CoreLogic's latest monthly Loan Performance Insights Report shows that 4.2% of all mortgages in the U.S. during July 2021 were in some stage of delinquency (30 days or more past due, including those in foreclosure), representing a 2.3-percentage point decrease in delinquency compared to July 2020, when it was 6.5%. While overall delinquencies remain above the February 2020, pre-pandemic rate of 3.6%, this is the lowest rate since last March.
To gain an accurate view of the mortgage market and loan performance health, CoreLogic examines all stages of delinquency. In July 2021, the U.S. delinquency and transition rates, and their year-over-year changes, were as follows:
While we continue to see serious delinquencies improve, approximately one million people nationwide have been unable to make payments for at least half a year. In fact, the share of borrowers six months or more past due made up about one-half of the total delinquencies in July, with many still leaning on options such as forbearance, loan modifications and other government provisions to keep from entering foreclosure.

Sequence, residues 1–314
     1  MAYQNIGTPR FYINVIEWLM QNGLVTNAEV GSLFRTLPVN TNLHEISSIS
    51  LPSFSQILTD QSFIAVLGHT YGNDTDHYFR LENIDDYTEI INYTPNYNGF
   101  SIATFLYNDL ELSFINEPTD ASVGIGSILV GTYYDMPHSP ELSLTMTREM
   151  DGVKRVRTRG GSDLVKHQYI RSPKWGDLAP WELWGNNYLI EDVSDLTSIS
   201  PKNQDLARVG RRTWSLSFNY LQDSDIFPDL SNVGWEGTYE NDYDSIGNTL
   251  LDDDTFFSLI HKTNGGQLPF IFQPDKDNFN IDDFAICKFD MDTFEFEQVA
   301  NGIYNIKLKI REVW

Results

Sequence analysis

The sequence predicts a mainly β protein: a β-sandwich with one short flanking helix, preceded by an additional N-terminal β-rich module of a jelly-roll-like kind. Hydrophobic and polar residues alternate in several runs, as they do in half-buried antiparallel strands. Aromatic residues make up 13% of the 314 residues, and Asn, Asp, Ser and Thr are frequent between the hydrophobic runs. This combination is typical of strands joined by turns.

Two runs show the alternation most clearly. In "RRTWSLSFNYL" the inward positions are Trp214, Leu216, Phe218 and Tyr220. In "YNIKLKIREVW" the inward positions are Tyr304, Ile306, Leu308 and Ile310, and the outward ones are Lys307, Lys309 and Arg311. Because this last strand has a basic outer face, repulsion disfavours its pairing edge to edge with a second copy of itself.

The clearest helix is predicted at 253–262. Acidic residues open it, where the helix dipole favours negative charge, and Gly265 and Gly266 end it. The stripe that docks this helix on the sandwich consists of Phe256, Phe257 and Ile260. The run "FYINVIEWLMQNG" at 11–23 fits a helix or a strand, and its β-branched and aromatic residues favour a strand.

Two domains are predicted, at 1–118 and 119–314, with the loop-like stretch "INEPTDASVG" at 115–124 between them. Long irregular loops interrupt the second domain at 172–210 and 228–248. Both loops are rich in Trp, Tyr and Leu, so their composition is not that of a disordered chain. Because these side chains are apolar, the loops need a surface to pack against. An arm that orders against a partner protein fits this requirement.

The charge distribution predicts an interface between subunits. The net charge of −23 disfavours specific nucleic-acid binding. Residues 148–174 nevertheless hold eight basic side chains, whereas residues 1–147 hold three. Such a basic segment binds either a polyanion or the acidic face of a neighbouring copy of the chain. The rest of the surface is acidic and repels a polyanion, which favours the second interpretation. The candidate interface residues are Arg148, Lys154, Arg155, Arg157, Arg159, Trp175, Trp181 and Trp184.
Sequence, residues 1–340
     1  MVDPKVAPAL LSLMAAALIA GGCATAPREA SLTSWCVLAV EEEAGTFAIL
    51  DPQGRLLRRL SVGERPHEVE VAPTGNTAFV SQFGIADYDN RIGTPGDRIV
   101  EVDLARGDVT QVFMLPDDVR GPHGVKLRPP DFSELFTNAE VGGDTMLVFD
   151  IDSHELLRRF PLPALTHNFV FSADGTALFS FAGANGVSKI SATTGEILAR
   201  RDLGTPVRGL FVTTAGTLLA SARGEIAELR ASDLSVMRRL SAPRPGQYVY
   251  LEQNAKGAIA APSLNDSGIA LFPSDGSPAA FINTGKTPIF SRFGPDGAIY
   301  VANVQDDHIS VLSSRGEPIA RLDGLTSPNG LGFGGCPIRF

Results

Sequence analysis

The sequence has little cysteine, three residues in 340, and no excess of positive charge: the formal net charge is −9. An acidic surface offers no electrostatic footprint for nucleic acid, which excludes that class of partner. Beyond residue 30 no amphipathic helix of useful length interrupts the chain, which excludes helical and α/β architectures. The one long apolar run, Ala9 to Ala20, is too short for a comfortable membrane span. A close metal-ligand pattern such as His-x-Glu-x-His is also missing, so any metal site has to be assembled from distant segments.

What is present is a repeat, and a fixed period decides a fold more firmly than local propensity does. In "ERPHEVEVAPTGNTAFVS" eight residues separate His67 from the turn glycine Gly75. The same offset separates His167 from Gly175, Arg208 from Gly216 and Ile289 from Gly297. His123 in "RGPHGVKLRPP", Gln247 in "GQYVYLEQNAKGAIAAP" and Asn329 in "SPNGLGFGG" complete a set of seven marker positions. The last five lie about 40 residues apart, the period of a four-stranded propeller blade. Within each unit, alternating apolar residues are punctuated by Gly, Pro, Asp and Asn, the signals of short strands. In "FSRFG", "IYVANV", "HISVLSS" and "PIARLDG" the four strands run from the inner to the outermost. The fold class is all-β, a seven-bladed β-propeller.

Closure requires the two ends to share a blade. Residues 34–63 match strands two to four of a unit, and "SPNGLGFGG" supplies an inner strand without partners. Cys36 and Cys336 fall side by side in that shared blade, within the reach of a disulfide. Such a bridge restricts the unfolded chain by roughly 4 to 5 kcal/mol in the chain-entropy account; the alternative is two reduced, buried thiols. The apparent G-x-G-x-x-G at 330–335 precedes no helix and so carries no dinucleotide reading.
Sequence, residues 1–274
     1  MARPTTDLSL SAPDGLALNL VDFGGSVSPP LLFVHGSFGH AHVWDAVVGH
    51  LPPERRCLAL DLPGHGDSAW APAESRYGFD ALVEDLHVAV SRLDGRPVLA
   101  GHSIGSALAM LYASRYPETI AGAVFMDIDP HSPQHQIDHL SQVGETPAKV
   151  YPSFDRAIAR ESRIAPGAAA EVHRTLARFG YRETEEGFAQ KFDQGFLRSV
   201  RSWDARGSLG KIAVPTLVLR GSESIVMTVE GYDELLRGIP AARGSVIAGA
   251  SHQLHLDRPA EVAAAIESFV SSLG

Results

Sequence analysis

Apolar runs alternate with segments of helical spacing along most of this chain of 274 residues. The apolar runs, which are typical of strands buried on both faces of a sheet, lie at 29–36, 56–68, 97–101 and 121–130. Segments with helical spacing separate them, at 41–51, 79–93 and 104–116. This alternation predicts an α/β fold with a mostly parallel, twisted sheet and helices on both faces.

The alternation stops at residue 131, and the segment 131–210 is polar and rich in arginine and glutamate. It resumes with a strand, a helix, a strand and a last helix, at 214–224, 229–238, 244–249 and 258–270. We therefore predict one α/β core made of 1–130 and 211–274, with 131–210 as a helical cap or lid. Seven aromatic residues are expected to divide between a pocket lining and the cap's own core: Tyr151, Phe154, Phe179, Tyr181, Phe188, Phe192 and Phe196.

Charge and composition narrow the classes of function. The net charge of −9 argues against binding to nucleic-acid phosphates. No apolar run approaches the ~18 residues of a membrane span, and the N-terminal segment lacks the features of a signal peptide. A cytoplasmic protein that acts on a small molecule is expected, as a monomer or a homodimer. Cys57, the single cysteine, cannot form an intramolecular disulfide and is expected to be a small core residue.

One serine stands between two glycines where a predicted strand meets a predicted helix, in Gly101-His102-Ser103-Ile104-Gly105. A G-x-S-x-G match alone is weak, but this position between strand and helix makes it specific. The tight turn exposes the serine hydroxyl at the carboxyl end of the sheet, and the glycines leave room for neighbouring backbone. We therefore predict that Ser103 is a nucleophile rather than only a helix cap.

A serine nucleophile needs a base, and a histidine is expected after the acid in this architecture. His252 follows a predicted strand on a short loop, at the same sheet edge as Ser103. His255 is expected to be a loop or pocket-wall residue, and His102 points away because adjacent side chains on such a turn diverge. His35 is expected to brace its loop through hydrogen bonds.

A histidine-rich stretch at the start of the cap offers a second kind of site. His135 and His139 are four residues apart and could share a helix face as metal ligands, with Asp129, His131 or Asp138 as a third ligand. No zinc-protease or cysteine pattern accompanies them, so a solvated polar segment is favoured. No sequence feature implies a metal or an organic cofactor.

"Declining delinquency levels are an encouraging sign of economic improvement and the durability of the housing market," said Frank Martell, president and CEO of CoreLogic. "Looking ahead to the end of many forbearance and other assistance programs, many borrowers receiving support must consider their financial options, including a potential loan modification, to ensure they stay current and keep foreclosures at bay."
"Even if loan modification or income recovery is unable to help delinquent homeowners become and remain current on their payments, the double-digit rise in home prices may help them avoid a distressed sale," said Dr. Frank Nothaft, chief economist at CoreLogic. "Homeowners with substantial home equity are far less likely to experience a foreclosure sale, and fortunately, the CoreLogic Home Equity Report found the average owner gained $51,500 in equity in the past year -- a five-fold annual increase."
State and Metro Takeaways: